Presentation on theme: "A multi-tiered storage and data protection strategy Carl Follstad Manager, University Data Mgmt Services Office of Information Technology University of."— Presentation transcript:
A multi-tiered storage and data protection strategy Carl Follstad Manager, University Data Mgmt Services Office of Information Technology University of Minnesota Copyright Carl Follstad, This work is the intellectual property of the author. Permission is granted for this material to be shared for non-commercial, educational purposes, provided that this copyright statement appears on the reproduced materials and notice is given that the copying is by permission of the author. To disseminate otherwise or to republish requires written permission from the author.
What UMN leadership and customers were saying... “Storage requirements will increase >50% a year. Year after year …” “Keep the data secure!” “Do it for less money than last year!” “Keep me HIPAA/GLB/S-OX/FERPA compliant!” “Oh … also fit it all into our DR/BC plan!”
Cost-justifying Enterprise Storage Used most critical business systems to justify initial Storage investment (Peoplesoft, Library) If successfully deployed, the hope was to leverage the investment to drive Enterprise Storage further into the business To manage risk, we started with a pilot SAN in March 2004
Cost-justifying Enterprise Storage Other business drivers: u BC/DR u Increased system availability u Increased I/O performance and scalability u Storage re-use u Provides foundation for a storage classification model u Provides foundation for a sophisticated data protection model
UMN SAN rollout timeline: 2004 March - 50TB SAN pilot, two data centers July - Upgrade to use SAN directors (from switches) Summer - Hook up several new application servers Summer - Began doing SAN Snapshot backups Sept - Add more Tier 3 storage for new applications
UMN SAN rollout timeline: 2005 Jan - Add two EMC DMX “Tier 1” arrays, move original SAN pilot applications to Tier 1 storage (Peoplesoft, , library) Jan - Add a third SAN “core” data center Spring - Begin adding “edge” SAN equipment rooms to fabrics to service department SAN connectivity Fall - Moved to dedicated EMC DMX arrays in three “core” sites Winter - Rollout out first of IP-based storage offerings: NFS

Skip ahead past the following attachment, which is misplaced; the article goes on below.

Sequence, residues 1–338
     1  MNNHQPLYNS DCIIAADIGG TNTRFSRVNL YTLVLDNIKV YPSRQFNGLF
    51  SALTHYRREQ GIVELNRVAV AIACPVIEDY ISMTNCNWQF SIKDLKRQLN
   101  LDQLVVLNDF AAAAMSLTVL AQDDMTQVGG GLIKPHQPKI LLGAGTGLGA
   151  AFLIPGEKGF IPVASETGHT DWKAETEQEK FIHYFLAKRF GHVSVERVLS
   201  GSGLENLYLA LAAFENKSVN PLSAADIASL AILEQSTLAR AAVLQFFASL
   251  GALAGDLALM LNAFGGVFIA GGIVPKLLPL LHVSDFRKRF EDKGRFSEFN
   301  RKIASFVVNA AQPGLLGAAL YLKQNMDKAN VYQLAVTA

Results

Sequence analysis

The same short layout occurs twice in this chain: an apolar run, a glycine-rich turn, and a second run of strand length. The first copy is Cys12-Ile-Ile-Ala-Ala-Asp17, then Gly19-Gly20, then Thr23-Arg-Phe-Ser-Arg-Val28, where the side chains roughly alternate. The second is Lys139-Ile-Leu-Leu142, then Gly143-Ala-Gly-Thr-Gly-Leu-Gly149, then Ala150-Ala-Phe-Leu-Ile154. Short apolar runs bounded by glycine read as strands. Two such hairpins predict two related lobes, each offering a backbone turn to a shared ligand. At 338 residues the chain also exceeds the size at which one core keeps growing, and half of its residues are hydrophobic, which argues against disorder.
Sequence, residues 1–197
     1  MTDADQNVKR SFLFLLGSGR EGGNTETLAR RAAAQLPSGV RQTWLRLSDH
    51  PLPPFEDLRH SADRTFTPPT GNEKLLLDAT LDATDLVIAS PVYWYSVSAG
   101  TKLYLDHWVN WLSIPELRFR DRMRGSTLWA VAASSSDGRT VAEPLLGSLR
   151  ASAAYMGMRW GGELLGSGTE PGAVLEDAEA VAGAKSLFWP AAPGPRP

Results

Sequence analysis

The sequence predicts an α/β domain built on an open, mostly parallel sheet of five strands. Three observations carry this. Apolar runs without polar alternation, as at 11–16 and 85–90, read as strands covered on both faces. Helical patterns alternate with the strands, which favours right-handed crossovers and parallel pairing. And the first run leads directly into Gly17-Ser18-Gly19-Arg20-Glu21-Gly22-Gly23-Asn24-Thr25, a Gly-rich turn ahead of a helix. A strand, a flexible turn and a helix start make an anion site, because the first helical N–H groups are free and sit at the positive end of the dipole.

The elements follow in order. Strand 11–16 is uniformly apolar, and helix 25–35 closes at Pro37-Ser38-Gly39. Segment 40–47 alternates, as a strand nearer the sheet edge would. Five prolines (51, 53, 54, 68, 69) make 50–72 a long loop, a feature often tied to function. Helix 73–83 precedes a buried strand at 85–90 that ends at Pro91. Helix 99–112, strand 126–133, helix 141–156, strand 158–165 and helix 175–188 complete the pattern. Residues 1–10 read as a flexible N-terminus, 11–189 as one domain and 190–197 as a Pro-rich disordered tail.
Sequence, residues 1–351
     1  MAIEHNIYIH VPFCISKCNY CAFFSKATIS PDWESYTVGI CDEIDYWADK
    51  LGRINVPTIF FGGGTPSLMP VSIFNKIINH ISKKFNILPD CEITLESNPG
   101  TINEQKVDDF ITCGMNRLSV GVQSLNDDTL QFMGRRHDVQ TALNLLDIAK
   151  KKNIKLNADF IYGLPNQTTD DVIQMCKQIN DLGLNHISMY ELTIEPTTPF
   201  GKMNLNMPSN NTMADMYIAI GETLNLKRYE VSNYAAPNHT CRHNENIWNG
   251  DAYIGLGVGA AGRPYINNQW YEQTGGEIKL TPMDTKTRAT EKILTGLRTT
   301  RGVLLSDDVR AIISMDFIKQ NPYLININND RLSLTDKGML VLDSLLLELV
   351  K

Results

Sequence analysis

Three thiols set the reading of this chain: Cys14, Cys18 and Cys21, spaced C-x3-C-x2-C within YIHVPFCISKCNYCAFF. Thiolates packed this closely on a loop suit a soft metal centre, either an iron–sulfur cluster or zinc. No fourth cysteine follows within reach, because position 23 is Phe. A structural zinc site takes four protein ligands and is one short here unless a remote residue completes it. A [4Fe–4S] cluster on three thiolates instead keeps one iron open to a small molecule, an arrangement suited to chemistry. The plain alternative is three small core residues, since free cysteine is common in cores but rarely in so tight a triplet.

UMN SAN rollout timeline: 2006 Jan - Rollout Tier 3 array (S-ATA) Summer - Rollout campus-wide CIFS (NAS) service to complement NAS (centralize authentication on AD) Summer - Rollout campus-wide storage collaboration tool (based on Xythos) FINISHED WITH 3-TIERED PRIMARY STORAGE PLAN
Formalized primary storage tiers Tier 1 - Targeted at highest availability applications (99.999%) Tier % availability, FC performance, mirroring and snapshot services available Tier 3 - SUBSIDIZED OFFERING: Non standard configs, ATA RAID protection, inexpensive but reliable. No DR mirroring, no Snapshots. “Best effort” SLE.
Data classification (In other words: You have all the data now, how do you manage it effectively and economically?) Industry observation: data loses value the older it gets! If that is the case, how can we leverage Enterprise Storage to economically but reliably manage and protect data throughout it’s lifetime? That’s what all the ILM vendor-speak is about.
Active data (<2%) Sum of information in your Enterprise Rarely used (“WORN”) data (85%+) Aging data (10%)
A new thought paradigm Enterprise storage: primary copy (of data) Probably tiered because there is a lot of it DR storage: secondary copy (probably a mirror) Business needs determine sync or async mirror Backup: protected copy of data (probably PIT) Business needs determine tape, disk, off site, on site
Data protection (aka “Backup”) You can only screw it up! Tie backups to Enterprise storage, leverage E.S. where possible (SAN backups, clone backups). Make sure HSM/ISL software aligns with Backup processes. Help your customers understand the difference between BACKUP and ARCHIVE.
Data protection (aka “Backup”) Optimizing backup of Enterprise storage: SAN-backup for all hosts >100GB SAN SnapShot or SAN Clone as source of backups Hot DB backups
UMN Storage strategy: future Late 2006: Roll out Digital Archive, implement automated ILM tools u HIPAA, FERPA, S-OX, G-L-B compliant u Offers electronic “shredding” of data u Replicated via IP over long distance u Not backed up by traditional means Roll out S.I.S. for Backup service u The more data you manage, the more duplication there is
UMN Storage strategy: future Late 2006: Roll out iSCSI for SAN services over IP u Used for connecting servers not in data centers
Closing thoughts The more data you manage centrally, the more economical it becomes. The more data you manage centrally, the more leverageable it is. Data consolidation DRIVES other consolidation: servers, backup, facilities.